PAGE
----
But the man has… I mean… The man has wings. He’s lying face down, his bloody shirt ripped away from the body. I see where the flesh and muscle bind in his back. I reach down and touch them. Those are real feathers. Those are real wings. Real goddamn wings.
People don’t have wings.
I mean, Jesus, that’s something you can rely on, right? That people don’t have wings. That is a fundamental truth. There’s not much you can say, I am certain of this, one hundred percent, but that’s one: people don’t have wings.
Except this guy.
What if I call Callie to come see? What if I call the press? Even if people see this, even if this is real, they won’t believe me. Because people don’t have wings. Only the crazies, only the guys rejecting their meds and reality will believe me. I’ll be crazy.
I stare at the body and try to make up my mind. Callie is shouting at me. Callie’s pregnant. We’re going to have a little girl.
I keep on staring at the body, ignoring Callie for just a little while. I keep on staring until I can believe the truth again. People don’t have wings. And then I walk away.

We drove. No light outside but eye-reflections of hedgehogs in the road, around which Sotehn swerved. No light inside except the speedometer and the yellow-dim beam of the flashlight I held on the copy of the Psalms of Enoch which my master, Lulnon, read aloud.

We didn’t want any other light. On the dashboard stood a figure of the Baptizer made of pale plastic that glowed in the dark. It was nearly three in the morning, and its glow had faded hours ago. If it brightened again, that meant a nephalim really was pursuing us, as Sotehn had said, and it was gaining.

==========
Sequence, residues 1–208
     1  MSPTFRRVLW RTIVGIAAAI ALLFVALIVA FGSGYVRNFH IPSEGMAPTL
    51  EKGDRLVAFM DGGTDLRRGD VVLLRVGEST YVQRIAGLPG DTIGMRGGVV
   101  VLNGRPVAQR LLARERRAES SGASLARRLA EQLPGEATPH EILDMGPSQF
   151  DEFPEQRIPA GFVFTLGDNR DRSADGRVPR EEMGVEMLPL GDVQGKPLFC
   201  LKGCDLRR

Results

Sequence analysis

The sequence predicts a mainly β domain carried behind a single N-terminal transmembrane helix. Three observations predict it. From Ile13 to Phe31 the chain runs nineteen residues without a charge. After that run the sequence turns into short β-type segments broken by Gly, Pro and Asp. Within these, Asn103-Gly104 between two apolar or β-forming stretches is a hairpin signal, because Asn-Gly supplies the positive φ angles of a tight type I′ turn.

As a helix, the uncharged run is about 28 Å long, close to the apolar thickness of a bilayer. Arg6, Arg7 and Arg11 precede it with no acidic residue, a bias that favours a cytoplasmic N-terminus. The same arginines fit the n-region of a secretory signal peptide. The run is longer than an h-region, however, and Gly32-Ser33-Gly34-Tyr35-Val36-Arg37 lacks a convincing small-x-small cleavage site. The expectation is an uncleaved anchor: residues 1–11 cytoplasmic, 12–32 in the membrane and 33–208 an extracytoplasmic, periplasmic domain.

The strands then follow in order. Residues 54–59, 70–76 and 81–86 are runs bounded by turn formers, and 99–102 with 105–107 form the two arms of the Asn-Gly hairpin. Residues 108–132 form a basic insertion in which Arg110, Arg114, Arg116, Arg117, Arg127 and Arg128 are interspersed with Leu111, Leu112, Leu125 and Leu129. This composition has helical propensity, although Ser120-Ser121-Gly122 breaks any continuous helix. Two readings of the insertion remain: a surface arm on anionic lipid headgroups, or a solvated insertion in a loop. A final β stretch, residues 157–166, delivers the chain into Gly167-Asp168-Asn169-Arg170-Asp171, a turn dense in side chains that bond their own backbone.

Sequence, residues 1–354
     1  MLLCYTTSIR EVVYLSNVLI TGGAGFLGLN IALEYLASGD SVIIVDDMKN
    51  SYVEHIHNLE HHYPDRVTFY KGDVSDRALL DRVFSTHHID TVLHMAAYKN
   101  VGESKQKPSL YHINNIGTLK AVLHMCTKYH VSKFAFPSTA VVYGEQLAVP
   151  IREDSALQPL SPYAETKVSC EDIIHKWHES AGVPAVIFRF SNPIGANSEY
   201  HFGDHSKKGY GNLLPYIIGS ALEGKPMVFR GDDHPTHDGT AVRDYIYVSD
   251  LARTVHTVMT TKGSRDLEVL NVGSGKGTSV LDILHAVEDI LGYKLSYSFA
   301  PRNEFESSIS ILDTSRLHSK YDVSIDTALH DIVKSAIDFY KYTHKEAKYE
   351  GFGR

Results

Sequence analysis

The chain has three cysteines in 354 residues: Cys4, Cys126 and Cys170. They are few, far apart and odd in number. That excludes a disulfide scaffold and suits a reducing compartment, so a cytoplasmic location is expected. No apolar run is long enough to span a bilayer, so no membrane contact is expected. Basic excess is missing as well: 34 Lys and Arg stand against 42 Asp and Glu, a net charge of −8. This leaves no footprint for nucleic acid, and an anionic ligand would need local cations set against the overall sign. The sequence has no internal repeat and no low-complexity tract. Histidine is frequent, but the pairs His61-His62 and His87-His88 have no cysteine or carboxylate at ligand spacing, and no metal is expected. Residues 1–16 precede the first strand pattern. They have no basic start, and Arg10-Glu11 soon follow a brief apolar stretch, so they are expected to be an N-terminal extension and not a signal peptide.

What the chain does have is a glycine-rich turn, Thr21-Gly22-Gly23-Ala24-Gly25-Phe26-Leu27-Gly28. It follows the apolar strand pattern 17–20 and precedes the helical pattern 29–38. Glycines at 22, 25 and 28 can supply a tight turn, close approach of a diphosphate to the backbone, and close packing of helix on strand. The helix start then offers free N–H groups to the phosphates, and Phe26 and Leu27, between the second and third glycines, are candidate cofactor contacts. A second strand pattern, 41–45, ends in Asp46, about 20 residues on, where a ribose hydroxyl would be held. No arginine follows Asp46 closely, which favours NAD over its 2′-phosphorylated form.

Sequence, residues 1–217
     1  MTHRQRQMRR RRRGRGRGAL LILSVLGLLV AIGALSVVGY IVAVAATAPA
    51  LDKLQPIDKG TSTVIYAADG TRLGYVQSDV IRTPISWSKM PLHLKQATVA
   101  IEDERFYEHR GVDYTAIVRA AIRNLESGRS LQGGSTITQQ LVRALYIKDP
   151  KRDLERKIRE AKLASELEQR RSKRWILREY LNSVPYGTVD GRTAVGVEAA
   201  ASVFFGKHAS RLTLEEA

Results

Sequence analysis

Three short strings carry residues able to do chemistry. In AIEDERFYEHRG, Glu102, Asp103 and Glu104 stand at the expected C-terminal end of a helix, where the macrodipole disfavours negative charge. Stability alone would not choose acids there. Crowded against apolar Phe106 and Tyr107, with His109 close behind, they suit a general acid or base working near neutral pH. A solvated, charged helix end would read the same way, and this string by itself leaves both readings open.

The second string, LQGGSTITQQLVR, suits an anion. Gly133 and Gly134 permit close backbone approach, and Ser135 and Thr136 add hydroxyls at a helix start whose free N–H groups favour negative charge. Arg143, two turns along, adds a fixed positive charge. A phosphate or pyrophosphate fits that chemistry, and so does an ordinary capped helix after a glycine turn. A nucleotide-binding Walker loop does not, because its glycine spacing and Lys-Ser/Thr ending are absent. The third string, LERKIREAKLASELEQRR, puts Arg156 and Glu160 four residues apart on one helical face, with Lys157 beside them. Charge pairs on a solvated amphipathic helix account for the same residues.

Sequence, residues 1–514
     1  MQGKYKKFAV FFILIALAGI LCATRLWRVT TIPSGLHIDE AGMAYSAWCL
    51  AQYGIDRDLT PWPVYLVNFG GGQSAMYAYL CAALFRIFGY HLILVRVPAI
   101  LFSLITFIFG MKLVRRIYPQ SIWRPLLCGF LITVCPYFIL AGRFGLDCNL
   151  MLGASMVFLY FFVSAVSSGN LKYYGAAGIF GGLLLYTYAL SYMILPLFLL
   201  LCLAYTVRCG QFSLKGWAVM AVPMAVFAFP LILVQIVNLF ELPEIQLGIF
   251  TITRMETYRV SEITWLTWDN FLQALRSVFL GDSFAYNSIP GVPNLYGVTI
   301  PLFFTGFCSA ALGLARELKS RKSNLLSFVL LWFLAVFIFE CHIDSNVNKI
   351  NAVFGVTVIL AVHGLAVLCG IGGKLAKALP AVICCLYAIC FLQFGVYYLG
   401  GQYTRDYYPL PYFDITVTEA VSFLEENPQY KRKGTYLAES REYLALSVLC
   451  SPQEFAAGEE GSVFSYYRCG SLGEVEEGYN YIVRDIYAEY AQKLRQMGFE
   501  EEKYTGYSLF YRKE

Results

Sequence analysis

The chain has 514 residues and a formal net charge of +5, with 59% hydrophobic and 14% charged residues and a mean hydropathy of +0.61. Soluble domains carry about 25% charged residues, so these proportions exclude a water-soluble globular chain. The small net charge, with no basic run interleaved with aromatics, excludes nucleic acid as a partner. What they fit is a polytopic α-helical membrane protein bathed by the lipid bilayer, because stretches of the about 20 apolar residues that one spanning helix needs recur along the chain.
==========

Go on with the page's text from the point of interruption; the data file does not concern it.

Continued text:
I leaned from the back seat to keep the light shining over my master’s shoulder. The car smelled of sun-cracked vinyl upholstery. Most days, I was content learning distilling, compounding, and the rest of the alchemist’s craft. Ever since that bridge over the dry streambed, and the voice that came out of the water that wasn’t there, I’d wished I’d been apprenticed to a cobbler or a wool merchant like my brothers.

An hour later, while Lulnon read haltingly from a copy of the Psalms of Noah with very small type, I thought I saw the figure begin to lighten.

“There,” said Sotehn before I’d found my voice to speak.

We’d be fine once we reached the city. The priests had renewed the designs on every road leading in just last week, retracing the protective geometry with chalk I’d helped my master compound from the bones of animals sacrificed at the temples.

Setehn touched the sigils painted in a ring around the Baptizer, invoking each planetary angel by name as he touched its sign. The yellow-green glow went cloudy for a moment, then came back bright as before. Maybe brighter.

“A strong one,” Setehn said. “Probably newly wakened.”

The glow intensified as the city drew closer. Even with sodium lights along the road now, I could see it. Ahead of us, the chalk designs just visible against the road black.

We passed over them. I slumped back in relief.

“No,” said my master, “we are betrayed.”

The figure still glowed. The bones hadn’t been blessed after all.

“I’ll lose it in the market,” said Sotehn, and, knowing how familiar he was with the maze of alleys there, I had no doubt he would.

But an unholy creature walked the city, and someone had opened the way for it.